‘Groundbreaking’ study of twins shows that going vegan DOES improve heart health… in just eight weeks!

Becoming vegan reduces the risk of heart problems within weeks, according to a unique study among identical twins.

Siblings who followed a vegan diet had ‘significantly’ lower cholesterol levels, better blood sugar levels and more weight loss in just two months than those who followed an omnivorous diet.

Despite the link between veganism and other health problems such as anemia and depression, the California research team believes these findings indicate a lower risk of heart disease because cholesterol, blood sugar levels and weight are all risk factors.

Dr. Christopher Gardner, a nutrition researcher at Stanford University, said the study “provided a groundbreaking way to argue that a vegan diet is healthier than the conventional omnivore diet.”

Vegan twins lost more weight, had lower cholesterol levels and showed a decrease in insulin levels compared to twins who followed an omnivore diet

The study involved 22 identical twins with an average age of 39 years. 77 percent of the participants were women.

The vast majority – 73 percent – ​​were white. None of the participants had cardiovascular problems or were obese. Their average BMI was 25.9, indicating that the participants were slightly overweight.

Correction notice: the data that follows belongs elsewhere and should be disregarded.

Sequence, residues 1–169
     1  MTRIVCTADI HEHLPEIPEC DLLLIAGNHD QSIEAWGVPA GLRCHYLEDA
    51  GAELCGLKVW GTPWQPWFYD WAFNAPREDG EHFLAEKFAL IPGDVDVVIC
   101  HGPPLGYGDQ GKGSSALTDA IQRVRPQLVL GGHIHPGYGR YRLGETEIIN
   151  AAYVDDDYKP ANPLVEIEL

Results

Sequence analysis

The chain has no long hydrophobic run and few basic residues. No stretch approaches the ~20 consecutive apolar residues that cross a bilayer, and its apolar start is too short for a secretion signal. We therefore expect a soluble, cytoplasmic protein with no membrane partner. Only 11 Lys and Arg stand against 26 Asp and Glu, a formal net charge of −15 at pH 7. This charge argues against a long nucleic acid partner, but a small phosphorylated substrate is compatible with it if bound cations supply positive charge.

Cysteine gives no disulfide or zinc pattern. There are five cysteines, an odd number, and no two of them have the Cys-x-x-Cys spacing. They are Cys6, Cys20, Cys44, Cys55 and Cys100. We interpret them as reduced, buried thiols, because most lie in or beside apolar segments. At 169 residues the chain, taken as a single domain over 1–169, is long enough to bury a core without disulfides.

The team chose to study twins because they had similar genetics and lifestyles.

Researchers from Stanford University and the University of California-Irvine asked one twin from each pair to eat a vegan diet, while the other twin ate a more typical omnivore diet.

Both diets include vegetables, legumes, fruits and whole grains. Sugars and refined grains such as white bread and pasta were not included in either plan.

The vegan diet contained no meat or animal products, while the omnivore diet contained chicken, fish, eggs, cheese, dairy and other animal products.

For the first four weeks, a meal service provided each twin with 21 meals a week, including seven breakfasts, lunches and dinners. During the last four weeks, the participants prepared their own meals.

The twins were interviewed about their diet and kept track of what they ate. A dietitian was on standby to provide suggestions and answer questions.

Researchers took the participants’ weight and blood at three times during the study: at the start of the trial, after four weeks and after eight weeks.

The baseline LDL level for vegans was 110.7 mg/dl and 118.5 mg/dl for omnivores. By the end of the study, the levels dropped to 95.5 and 116.1, respectively.

For vegans this was a decrease of 14 percent.

The vegan participants also showed about a 20 percent drop in insulin; higher levels of these can increase the risk of diabetes.

Additionally, vegans lost 4.2 pounds more than omnivores.

“Based on these results and thinking about longevity, most of us would benefit from moving to a more plant-based diet,” Dr. Gardner said.

Of the 44 participants, 43 completed the study.

Dr. Gardner said: ‘Our study used a generalizable diet that is accessible to everyone, as 21 out of 22 vegans followed the diet.’

‘This suggests that anyone who chooses a vegan diet can improve their long-term health in two months, with the most change seen in the first month.’

The research was published in the journal on Thursday JAMA network opened.